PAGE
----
Thousands of people rallied at the Iowa Capitol today to voice their support for human rights and women’s rights. The Des Moines Women's March was one of hundreds of similar events that took place across the country.
Like the main women’s march in Washington, D.C., organizers says attendance for the Des Moines March exceeded initial expectations. Organizers had said they were expecting up to 10,000. Law enforcement officials today said they were not able to estimate the crowd size.
The rally was planned to take place inside the capitol building, but the number of RSVPs grew so great that activities were moved to the steps outside.
"I'm trying not to get teary-eyed," says Des Moines resident Trinh Le-Coulter, who attended the march with her sister. "We're both refugees, we came from Vietnam in '95...I'm extremely humbled that this sort of movement, and this sort of gathering is not only allowed, but it's encouraged."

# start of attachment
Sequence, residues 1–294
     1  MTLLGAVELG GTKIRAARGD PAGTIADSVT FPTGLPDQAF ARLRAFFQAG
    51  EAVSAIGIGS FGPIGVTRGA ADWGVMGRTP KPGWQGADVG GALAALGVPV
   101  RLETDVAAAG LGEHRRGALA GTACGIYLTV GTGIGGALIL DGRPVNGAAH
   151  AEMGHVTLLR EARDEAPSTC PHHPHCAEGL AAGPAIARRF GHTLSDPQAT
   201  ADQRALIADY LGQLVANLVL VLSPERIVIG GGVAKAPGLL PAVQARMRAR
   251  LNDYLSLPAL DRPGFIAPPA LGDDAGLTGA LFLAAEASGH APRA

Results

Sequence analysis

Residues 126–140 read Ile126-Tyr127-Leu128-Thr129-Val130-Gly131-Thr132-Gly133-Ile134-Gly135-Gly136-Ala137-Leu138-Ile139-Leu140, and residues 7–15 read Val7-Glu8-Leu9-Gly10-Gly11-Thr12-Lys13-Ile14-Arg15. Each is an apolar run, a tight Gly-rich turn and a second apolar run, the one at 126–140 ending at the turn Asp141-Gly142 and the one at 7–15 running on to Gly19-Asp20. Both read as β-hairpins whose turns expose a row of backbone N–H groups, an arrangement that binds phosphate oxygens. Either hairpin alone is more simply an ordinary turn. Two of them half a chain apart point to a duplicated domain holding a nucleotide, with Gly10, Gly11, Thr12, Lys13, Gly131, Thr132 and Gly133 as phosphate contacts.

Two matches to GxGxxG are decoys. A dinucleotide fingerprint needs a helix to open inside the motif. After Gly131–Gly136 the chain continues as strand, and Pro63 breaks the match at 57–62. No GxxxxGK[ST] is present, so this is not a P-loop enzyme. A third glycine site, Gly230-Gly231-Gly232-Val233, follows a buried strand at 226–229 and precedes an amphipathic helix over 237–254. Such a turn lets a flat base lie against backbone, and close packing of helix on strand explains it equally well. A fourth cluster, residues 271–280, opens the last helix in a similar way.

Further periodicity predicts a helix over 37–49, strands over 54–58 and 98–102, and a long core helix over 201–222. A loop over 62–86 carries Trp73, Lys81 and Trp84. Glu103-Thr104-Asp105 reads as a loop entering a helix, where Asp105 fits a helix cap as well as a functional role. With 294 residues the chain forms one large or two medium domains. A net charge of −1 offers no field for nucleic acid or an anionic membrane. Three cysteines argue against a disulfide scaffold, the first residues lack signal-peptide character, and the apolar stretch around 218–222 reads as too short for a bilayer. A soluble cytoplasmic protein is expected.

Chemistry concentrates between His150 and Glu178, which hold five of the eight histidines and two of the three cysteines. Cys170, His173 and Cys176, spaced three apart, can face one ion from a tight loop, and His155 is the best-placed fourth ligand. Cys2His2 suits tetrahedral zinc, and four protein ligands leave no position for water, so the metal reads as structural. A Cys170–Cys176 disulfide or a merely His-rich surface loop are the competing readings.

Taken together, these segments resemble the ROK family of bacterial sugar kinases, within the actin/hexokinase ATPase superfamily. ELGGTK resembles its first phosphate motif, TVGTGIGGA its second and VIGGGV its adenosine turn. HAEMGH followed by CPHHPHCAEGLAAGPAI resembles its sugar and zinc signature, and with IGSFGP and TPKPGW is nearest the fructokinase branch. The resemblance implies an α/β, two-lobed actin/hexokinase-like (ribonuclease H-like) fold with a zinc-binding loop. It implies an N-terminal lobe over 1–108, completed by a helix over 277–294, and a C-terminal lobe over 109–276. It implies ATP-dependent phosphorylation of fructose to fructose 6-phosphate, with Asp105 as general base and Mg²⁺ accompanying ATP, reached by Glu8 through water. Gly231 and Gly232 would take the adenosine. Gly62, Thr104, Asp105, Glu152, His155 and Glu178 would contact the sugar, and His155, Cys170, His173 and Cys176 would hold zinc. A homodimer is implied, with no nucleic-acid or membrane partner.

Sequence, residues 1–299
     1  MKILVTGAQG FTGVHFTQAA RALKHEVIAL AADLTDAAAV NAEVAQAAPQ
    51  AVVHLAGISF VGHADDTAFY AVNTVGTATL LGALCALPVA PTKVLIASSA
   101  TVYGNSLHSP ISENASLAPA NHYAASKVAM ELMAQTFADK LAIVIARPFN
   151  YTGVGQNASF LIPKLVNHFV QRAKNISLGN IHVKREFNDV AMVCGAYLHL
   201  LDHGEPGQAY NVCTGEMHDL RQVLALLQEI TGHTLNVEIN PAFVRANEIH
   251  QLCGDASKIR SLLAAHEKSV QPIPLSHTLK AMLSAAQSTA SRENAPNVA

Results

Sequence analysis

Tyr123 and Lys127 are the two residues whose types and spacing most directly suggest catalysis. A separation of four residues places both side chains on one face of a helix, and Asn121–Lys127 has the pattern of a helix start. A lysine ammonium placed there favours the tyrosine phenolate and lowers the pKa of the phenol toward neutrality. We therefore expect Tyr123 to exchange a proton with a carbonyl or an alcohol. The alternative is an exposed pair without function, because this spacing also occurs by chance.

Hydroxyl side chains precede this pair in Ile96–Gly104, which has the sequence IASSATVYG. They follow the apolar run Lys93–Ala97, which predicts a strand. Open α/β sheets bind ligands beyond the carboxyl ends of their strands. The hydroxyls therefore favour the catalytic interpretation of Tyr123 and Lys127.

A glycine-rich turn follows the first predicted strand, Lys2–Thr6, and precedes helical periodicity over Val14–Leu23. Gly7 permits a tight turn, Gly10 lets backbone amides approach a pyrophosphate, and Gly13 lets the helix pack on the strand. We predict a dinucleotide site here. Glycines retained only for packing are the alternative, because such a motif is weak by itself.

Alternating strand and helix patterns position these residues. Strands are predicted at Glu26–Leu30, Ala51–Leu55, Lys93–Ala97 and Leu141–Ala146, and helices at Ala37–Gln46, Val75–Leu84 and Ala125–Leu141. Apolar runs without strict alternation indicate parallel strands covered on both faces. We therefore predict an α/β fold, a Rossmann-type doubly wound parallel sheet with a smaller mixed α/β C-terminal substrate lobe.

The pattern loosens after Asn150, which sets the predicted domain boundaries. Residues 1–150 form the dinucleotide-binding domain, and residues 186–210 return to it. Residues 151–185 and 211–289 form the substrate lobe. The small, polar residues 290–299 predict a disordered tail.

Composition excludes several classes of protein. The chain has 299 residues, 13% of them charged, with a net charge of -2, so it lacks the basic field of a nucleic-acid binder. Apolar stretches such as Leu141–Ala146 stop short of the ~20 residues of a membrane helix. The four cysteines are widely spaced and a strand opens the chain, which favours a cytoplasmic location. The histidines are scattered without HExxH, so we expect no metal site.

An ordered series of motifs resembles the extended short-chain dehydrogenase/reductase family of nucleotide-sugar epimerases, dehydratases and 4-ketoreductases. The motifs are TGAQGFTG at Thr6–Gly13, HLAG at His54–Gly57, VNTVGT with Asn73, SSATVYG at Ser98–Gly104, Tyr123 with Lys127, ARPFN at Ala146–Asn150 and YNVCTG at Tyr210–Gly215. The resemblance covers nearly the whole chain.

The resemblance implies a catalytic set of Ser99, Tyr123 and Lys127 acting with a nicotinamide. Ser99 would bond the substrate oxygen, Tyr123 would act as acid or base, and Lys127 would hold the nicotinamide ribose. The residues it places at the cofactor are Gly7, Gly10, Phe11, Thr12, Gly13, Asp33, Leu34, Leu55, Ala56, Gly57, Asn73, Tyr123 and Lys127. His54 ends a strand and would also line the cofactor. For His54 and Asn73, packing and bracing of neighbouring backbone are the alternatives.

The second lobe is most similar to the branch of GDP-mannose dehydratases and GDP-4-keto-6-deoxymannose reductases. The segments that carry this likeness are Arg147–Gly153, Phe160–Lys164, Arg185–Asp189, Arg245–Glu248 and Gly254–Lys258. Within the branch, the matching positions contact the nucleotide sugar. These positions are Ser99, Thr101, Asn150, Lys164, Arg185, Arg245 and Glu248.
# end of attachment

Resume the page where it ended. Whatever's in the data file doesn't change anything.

Demonstrators held signs, wore pink hats and chanted. Attendees say they're concerned human rights, LGBTQ equality, immigration policy, healthcare, affordable housing, education, access to the ballot box, the environment and democracy itself will suffer under a Donald Trump administration.
"I don't care to have some wackadoodle with nuclear control codes," says Denise Krejci of Palo. "The way he became president was maybe legal, but he was not voted in by the majority just the electorate."
Despite the litany of concerns cited by marchers, the mood was defiant and buoyant. Many say they plan to become more civically involved.
"I thought under Obama we would have better race relations, better woman's rights," says Des Moines Women's March volunteer Peg Armstrong-Gustafson of Waukee. "And then I realized that's not his job, that wasn't his job as president. That was my job and I let it go by the wayside more than I should have. And that's why I'm engaging and being here today."
In addition to the march in Des Moines, marches were also scheduled for Decorah, Dubuque, Iowa City and Harpers Ferry.